depressed sabbatical is not de best sabbatical

I have a good job. I teach at a nice college, with lots of benefits. As one of those benefits, every few years, professors earn a sabbatical. Professors love sabbaticals! They are nearly mythical beasts, a too rare perk for an increasingly precarious and exploited faculty. So they should be cherished and appreciated. And most do. My colleagues count down the years until their next one, the light at the end of the tunnel of the demands of teaching and service. And when they get back from their all-too-short leave, every conversations starts off with, “On my sabbatical…,” mixing stories of scholarly success with complaints about the difficulties of transitioning back into the day-to-day drudgery of the real world. Ultimately, refreshed and revitalized, they settle back into their normal routine, which means returning to counting down the years until their next big break.

That’s not me. I just started my sabbatical, and I’m miserable. I’m afraid it’s killing me.

Part of this, of course, is that it is taking place while the world burns, and the best I can do is fiddle about. Its destruction is my distraction. Or, perhaps, its distraction is my destruction. Either way, the conditions for productive happiness are hopelessly compromised. But it’s not that. It’s me. And my sabbatical.

I’m depressed. I’ve always battled depression and rarely won. I survive, I guess, but its a burden I can’t seem to shake. At this point, it’s become so much a part of who I am, I’m unable to even conceive of what it would mean to shake it. But under normal conditions, I muddle through. Sabbatical, of course, is not normal conditions. Others embrace it because it allows them to finally do what they really want. I dread it because, finally, I have to become that which I truly am. A depressed, social isolate, consistently failing to live up to my own ambitions.

What’s a sabbatical? It’s complicated, of course, but the grand prize, the one everyone celebrates, is a break from teaching. Teaching traps us in time and place. We have to be in class. We have to prepare that lecture. We have to read those papers and we have to get our grades in on time. A break from teaching, then, releases those constraints, freeing us to do other things. My problem is that teaching is (perhaps) the (only) thing I am good at. Some (especially my students!) might disagree, so it may make more sense to frame it differently. The classroom is the one place where I forget how depressed I am. It is the only place that consistently offers me a way to be free of my normal levels of overwhelming doubt and anxiety. Teaching is the escape. So why would I want to escape it?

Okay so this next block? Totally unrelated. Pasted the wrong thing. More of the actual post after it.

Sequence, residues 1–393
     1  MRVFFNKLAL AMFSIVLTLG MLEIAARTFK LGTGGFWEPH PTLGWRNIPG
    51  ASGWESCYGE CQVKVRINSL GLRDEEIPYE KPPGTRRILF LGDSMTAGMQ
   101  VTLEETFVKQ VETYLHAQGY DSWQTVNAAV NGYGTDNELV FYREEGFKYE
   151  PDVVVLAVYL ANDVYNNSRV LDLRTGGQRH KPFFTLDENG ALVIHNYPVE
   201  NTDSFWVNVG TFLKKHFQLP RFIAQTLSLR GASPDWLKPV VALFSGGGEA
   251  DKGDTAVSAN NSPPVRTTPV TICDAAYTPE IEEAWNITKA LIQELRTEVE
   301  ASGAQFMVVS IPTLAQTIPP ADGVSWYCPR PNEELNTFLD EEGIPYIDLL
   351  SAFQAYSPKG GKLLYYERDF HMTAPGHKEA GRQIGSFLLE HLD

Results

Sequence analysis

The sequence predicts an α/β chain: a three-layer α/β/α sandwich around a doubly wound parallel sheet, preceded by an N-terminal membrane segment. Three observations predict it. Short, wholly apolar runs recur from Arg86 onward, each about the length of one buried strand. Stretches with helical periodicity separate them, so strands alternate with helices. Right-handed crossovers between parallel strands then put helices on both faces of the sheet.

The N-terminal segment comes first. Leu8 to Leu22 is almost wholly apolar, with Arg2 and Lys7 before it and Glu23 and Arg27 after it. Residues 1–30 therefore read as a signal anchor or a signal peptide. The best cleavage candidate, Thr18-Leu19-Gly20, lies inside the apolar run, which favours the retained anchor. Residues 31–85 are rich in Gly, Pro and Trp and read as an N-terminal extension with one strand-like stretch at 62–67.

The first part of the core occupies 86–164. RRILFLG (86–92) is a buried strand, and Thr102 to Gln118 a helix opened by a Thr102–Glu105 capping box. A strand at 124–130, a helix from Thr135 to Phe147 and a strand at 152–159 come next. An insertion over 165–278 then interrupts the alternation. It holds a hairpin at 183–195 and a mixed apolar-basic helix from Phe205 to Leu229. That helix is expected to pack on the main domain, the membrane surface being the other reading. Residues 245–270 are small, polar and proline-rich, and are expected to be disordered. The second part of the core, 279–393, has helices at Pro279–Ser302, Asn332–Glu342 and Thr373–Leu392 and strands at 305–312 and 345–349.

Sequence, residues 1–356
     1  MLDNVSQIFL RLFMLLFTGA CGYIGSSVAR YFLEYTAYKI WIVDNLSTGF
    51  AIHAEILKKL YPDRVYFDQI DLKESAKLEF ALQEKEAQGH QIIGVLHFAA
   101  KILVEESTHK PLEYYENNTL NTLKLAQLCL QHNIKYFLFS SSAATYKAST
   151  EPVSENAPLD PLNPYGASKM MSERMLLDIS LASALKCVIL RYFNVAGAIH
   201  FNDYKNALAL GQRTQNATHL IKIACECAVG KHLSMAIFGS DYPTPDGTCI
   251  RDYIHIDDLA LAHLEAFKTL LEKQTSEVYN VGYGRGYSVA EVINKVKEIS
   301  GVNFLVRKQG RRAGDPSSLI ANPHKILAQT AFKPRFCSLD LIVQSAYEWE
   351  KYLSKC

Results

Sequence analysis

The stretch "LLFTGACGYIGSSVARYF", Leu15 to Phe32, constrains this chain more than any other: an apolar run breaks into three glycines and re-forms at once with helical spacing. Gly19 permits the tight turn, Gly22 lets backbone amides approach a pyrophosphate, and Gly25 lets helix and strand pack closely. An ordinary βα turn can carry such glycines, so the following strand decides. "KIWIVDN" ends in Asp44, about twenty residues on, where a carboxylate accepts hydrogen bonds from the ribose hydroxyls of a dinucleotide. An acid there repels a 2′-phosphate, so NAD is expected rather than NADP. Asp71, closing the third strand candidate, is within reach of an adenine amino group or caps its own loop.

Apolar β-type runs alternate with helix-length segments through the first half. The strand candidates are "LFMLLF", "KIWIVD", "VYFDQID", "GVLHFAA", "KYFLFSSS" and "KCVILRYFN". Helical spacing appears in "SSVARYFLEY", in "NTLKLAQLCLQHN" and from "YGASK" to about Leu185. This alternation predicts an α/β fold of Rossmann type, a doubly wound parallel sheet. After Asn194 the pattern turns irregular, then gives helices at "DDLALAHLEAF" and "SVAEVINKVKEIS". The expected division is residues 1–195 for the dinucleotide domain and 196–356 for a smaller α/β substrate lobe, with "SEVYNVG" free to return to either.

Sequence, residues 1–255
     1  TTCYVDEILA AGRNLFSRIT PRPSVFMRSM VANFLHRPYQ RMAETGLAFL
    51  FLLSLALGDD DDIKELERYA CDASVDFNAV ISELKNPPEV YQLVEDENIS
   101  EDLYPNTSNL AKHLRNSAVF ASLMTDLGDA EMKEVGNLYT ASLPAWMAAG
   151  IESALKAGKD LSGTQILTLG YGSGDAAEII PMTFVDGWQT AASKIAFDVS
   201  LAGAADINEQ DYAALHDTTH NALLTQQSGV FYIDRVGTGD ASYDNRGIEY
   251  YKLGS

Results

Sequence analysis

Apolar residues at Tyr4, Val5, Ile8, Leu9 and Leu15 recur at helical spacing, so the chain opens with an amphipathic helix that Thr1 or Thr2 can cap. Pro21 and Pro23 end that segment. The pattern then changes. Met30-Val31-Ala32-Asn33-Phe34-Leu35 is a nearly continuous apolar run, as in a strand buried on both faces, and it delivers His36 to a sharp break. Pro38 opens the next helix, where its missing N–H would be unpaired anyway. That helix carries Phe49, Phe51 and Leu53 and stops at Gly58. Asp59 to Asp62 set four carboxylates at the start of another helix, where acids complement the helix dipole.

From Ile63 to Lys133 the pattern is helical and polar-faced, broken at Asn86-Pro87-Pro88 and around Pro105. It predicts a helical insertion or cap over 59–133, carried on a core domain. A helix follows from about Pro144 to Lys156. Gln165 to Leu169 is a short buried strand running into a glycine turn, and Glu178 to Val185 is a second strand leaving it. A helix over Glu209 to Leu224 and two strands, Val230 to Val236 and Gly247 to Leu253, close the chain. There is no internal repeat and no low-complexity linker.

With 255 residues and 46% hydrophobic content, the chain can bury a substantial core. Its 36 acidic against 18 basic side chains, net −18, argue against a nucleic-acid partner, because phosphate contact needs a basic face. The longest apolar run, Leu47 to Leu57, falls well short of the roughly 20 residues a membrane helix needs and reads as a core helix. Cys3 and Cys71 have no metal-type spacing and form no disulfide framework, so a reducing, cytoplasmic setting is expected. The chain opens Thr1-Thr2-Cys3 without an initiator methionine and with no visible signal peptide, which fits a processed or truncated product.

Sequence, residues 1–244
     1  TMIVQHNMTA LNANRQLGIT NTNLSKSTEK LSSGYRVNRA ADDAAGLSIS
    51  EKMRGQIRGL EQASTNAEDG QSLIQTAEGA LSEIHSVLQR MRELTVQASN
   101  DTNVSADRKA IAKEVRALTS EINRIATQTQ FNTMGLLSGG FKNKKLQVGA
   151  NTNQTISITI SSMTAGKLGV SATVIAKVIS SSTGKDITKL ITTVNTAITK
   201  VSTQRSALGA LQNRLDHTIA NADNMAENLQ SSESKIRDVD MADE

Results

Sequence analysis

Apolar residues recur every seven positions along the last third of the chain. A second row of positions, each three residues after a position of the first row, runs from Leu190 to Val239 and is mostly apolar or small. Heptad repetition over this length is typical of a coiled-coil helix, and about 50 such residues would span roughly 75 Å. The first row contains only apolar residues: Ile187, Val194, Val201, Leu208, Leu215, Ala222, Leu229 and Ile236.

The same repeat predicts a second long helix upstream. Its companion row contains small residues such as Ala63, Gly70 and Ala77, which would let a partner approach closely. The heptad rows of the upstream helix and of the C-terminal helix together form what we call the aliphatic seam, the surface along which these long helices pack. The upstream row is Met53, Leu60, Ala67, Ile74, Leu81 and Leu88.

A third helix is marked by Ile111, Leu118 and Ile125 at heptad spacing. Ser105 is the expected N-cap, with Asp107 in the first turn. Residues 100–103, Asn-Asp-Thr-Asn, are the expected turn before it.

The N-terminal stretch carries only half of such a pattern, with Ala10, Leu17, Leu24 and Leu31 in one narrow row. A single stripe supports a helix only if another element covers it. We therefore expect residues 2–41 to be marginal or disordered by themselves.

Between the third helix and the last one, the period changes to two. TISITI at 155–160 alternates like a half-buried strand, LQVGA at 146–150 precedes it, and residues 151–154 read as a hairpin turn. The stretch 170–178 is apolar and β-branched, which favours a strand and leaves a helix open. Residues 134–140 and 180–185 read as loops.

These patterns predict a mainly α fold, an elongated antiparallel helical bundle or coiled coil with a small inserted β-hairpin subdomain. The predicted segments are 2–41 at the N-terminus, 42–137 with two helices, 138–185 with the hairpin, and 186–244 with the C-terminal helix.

What happens when I lose that? When I lose the thing that keeps me off the edge? I am beginning to find out, and initial signs don’t look good. A break from the classroom has simply left me broken, cut off from teaching, as well as the social infrastructures that support it — students, colleagues, public good. My sabbatical so far is an exercise in social isolation. Unmoored, I sink lower. Rather than providing me the time to work, it forces on me unlimited time to think. And when I let myself think, my thoughts turn dark (or blank), caught in a unproductive cycle of self reflexiveness. Aware enough to think I know what’s happening, but too clueless to be able to intervene. I wake up every morning to stare out the window, watching myself slowly drown in the distance, feeling powerless to do anything, and not even relieved when the day is over, since I know it will start again tomorrow.